I was fortunate enough to receive an advance copy of Robert Brown’s new book, Wealthing Like Rabbits.
In case you haven’t heard of it, the book offers a unique perspective on personal finance and is easy to read. Unlike many other personal finance books, this one is actually funny and entertaining.
If you are hesitant to buy a personal finance book because of all the numbers, formulas and complicated jargon that most other books have – definitely consider checking out this book.
Here are some highlights of the book….
Rabbits, Zombies & RRSPs
Robert’s book brings up some interesting points in the TFSA vs. RRSP debate. Most people believe that those in a lower income bracket are better off putting their money into a TFSA. The logic is that with a lower income comes a lower tax bracket, and less tax savings for the deductible RRSP contributions.
Related: Hidden Advantages of the TFSA
Robert argues that a TFSA may not be the best way to go for those in a lower income bracket. He argues that for students or those just starting out in the workforce, an RRSP contribution might make more sense:
- Young people with a lower income who make RRSP contributions get the tax break they need now, rather than waiting for it later on in life
- The refund generated by an RRSP contribution can be used to buy a vehicle, purchase a home or pay off high interest debt
- Sure, they’ll pay taxes on the money when it’s withdrawn later on in life, but it won’t be needed like it is when someone is just starting out in the workforce
“Would you rather get a $1,000 windfall at age 27 when you are trying to scrape together a down payment for a house or a $1,300 windfall at age 70 when you have close to $1 million in savings?”
Lessons in Savings from the Toronto Maple Leafs
Wealthing Like Rabbits discusses how some people’s saving habits are similar to the Toronto Maple Leafs.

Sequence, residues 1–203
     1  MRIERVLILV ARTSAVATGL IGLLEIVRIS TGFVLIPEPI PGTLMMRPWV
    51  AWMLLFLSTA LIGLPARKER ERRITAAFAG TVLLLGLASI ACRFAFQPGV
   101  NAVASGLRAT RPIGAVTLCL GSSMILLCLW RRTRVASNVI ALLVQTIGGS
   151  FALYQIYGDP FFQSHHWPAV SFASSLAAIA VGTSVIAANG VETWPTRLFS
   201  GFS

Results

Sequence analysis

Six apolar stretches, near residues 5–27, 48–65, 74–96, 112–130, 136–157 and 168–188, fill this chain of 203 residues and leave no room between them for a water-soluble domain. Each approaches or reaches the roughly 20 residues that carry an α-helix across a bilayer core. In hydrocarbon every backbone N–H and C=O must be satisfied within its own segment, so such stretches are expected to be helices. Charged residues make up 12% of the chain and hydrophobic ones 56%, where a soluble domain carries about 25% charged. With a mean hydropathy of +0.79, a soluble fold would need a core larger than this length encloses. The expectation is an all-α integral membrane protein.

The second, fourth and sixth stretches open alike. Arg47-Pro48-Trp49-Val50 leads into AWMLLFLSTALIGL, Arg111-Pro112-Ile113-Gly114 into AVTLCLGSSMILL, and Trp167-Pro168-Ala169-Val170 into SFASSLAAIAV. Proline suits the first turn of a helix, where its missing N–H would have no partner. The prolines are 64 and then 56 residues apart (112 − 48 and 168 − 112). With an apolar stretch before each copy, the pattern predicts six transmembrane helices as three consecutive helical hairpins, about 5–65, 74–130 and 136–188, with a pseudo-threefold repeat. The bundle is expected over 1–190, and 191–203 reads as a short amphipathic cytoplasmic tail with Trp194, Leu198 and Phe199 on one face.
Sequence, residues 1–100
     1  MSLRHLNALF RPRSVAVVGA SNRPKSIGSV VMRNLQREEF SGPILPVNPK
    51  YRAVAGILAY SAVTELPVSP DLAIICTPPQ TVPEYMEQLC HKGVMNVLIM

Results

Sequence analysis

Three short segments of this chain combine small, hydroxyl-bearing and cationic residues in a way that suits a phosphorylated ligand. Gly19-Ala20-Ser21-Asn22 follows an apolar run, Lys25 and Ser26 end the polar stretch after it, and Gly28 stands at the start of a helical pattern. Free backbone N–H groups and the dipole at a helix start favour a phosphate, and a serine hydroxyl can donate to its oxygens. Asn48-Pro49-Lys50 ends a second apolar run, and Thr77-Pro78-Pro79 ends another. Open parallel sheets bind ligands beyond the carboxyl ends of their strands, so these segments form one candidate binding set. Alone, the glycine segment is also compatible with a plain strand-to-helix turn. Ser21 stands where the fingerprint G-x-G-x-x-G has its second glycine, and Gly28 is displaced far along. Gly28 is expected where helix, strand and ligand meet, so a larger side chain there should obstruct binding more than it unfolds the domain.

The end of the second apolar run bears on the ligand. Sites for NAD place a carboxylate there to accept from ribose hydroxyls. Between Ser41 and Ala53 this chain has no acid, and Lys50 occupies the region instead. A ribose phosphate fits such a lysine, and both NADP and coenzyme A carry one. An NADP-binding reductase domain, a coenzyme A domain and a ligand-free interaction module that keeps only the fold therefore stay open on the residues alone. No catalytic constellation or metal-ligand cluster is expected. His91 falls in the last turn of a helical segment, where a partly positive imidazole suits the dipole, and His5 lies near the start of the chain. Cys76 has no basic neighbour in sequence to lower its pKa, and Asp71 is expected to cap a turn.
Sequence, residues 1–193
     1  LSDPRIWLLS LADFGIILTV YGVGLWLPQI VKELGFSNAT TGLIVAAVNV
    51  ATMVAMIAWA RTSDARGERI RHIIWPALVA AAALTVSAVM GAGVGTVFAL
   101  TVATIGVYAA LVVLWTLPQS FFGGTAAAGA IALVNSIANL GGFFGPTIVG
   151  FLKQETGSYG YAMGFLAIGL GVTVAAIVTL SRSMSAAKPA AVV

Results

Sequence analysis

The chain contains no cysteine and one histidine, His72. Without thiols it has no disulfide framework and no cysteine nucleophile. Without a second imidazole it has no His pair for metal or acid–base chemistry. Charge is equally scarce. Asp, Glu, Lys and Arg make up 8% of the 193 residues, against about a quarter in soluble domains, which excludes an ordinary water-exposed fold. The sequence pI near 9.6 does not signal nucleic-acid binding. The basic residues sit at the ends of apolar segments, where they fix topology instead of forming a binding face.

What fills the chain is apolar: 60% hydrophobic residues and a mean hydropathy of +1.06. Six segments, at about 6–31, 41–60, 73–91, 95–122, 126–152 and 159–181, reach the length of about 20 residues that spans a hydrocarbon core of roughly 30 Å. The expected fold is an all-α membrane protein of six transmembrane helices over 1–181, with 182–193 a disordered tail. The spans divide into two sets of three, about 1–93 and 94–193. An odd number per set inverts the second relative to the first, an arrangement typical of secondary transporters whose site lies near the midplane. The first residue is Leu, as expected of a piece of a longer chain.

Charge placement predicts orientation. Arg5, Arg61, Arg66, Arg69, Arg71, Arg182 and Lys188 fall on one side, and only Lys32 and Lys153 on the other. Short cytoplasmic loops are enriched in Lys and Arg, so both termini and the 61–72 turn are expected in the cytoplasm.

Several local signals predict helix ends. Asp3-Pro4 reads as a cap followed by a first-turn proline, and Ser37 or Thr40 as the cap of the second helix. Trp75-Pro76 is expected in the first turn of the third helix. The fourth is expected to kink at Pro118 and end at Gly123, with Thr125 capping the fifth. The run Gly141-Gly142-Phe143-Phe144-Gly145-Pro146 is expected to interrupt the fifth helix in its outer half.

All too often, the Leafs disappoint their fans and either don’t make the playoffs or get eliminated early. It happens every year and it has become (somewhat) predictable. They end the season with a promise to their fans to improve the following year.
This situation is similar to how some people save money for their RRSP. Every year when people file their tax returns they swear next year they will put more money in their RRSP. And all too often, it’s the same result the following year.
Whether you’re a hockey fan or not, the book uses comparisons like this to entertain the readers and make personal finance more fun.
Wealthing Like Rabbits is full of gems, here are a few of my favorites:
On mortgages: “Asking a bank how much you are ‘allowed’ to spend on a home is a bit like asking Ronald McDonald if you are allowed to supersize your Big Mac and fries.”
On credit card late payment interest charges: “The banks get to go back in time, like a bad Marty McFly movie, and start charging you interest the day each and every purchase was made simply because you were one day late with your payment.”
On credit card reward programs: “You are paying 24.99% annually in interest so you can get a 1.25% kickback? I’m not going to say anything about that. My parents taught me that if I didn’t have something nice to say, I shouldn’t say anything at all.”
On outsourcing housework vs. DIY: “If your experience with chainsaws is limited to watching ‘The Texas Chainsaw Massacre” on Netflix, it’s probably a solid idea to call someone with a bit of experience before cutting down the tree in your backyard.”
Final thoughts: Wealthing Like Rabbits preaches that sound financial planning is simple: following a few fundamentals, having a little discipline and applying common sense.
Its message is simple and is taught in a fun and entertaining way. For anyone who doesn’t like traditional financial books for how boring they can be – definitely check out this book. If anything you’ll get a few laughs out of it. Click here to find out more about the book.
Note – although I received an advance copy of the book, I do not receive any income from book sales and the above review is solely my personal opinion of the book.